Breathing a big sigh of relief

Greetings, District 36. Hooray, the 104th Legislative Session is nearly over and everyone can breathe a sigh of relief!

The final few days have been long and sometimes contentious. Each senator has worked very hard to represent his or her constituents and do what he or she believes is in the best interest of our state. I have often said that all the “easy” issues have been handled and we are charged with making decisions on the tough questions.

It is not surprising that there are significant differences of opinion. However, I’m proud of the work our senators do and the commitment that each senator makes to our state.

During the last days of the session, we passed both the tax bill, LB 958, and the education bill, LB 959. The education bill should help many rural schools but it does not fully address the inequity of how the school funding formula treats many rural schools.

The plain fact is our schools are doing a very good job of educating our kids and prudently managing their budgets. The problem is the current state aid formula is unfair to rural schools. Most schools in District 36 have lost a large portion of their equalization aid and now must rely on local property taxes to make up the difference.

There is a realization on the part of many senators that this issue must be addressed. It will be vital that the Education Committee address this issue next year.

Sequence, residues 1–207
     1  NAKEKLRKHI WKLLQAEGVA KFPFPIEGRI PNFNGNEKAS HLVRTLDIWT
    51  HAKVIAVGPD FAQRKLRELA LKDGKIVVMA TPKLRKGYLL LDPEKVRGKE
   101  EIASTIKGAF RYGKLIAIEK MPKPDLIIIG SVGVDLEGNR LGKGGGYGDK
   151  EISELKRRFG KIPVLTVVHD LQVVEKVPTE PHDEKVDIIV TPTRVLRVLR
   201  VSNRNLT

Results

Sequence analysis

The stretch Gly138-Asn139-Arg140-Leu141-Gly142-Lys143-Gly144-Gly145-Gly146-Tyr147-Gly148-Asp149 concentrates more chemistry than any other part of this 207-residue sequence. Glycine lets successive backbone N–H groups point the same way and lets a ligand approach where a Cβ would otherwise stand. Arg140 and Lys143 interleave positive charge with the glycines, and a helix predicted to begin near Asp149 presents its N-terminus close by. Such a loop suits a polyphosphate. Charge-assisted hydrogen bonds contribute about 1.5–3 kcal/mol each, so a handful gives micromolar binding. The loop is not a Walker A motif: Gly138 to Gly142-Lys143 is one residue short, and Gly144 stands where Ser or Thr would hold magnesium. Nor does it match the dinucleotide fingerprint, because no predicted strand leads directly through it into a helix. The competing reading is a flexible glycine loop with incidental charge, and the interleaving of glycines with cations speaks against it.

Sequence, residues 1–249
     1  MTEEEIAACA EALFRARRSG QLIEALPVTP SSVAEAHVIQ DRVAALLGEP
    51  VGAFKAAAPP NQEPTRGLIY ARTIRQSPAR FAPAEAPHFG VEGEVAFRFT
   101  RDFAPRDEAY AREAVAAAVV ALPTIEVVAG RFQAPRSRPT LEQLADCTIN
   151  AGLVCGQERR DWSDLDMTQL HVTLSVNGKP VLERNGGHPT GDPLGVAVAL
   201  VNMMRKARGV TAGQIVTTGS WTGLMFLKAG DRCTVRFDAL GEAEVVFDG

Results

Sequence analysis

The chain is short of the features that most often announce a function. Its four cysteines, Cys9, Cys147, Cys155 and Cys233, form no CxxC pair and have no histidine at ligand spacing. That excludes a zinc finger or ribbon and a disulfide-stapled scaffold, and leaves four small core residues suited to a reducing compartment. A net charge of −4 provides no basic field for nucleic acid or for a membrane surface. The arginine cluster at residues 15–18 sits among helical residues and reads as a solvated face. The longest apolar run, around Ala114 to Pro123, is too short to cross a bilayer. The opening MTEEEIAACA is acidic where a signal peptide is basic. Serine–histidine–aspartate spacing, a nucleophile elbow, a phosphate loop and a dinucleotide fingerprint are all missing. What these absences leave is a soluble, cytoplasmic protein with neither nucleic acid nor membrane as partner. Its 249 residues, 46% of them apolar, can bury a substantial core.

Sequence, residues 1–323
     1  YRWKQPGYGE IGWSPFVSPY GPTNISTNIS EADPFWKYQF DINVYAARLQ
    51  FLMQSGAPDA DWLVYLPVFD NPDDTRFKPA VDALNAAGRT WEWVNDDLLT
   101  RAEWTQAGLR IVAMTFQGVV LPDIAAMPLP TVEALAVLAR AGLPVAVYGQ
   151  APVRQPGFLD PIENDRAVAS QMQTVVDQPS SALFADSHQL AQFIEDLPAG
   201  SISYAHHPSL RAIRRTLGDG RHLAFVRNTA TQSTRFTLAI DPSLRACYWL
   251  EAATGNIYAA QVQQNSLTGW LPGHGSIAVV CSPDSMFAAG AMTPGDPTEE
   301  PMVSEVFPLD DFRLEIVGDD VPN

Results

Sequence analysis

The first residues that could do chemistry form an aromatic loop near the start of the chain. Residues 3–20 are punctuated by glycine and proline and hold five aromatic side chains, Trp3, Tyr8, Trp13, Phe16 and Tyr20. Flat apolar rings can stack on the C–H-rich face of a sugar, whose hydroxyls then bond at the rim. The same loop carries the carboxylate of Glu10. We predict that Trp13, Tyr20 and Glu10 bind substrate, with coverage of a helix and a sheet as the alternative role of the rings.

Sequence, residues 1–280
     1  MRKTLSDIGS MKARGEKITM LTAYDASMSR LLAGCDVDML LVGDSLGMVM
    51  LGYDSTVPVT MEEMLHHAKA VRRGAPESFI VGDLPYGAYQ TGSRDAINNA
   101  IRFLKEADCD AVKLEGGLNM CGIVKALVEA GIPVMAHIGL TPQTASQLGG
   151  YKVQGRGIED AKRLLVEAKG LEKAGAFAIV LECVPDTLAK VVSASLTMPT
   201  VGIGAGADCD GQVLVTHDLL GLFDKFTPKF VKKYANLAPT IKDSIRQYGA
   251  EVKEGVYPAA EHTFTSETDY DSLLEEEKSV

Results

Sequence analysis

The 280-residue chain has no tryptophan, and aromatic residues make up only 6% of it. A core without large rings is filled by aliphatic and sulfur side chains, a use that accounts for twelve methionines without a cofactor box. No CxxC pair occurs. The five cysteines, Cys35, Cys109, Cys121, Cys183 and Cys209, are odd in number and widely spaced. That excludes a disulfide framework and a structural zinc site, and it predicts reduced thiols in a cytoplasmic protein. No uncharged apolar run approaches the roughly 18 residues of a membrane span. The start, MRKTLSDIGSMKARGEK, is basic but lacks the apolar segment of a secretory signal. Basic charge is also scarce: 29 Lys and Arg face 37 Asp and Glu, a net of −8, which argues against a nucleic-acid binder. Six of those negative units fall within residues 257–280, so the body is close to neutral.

The tax bill, LB 958, does not answer all the demands of those asking for property tax relief but it continues to move us in the right direction.

Sen. Mike Gloor, chair of the Revenue Committee, described our approach as hitting singles and bunts, not a home run. Home runs are hard to come by at the Legislature.

I was very happy that the restrictions on communities and counties originally proposed in the bill were stripped out of the final bill.

These measures would have been counterproductive by restricting our counties and communities in their efforts to grow. At the end of the day, I believe the Legislature should create a framework that encourages growth and economic development in Nebraska.

LB 958 includes an additional $20 million of direct relief on property taxes for agricultural land. Again, this is not a home run, but we are headed in the right direction.

I believe our senators are committed to looking at our entire tax structure. The state and local governments derive revenue from income, sales and property taxes. Changes in one tax affects what must be done with other taxes.

We all want good schools, we want safe roads, we want police protection, we want health services and many other services. All of these services have a cost and must be paid for with our tax dollars.

When you ask to have your taxes reduced, think about what services you are willing to give up. These are very difficult choices but this is a discussion we must have.

In the upcoming weeks I will be talking about what we accomplished this session and what we did not move forward.

I look forward to spending time in the district following the session. Your input on issues is very important to me and to the process.

Please feel free to contact my office at any time.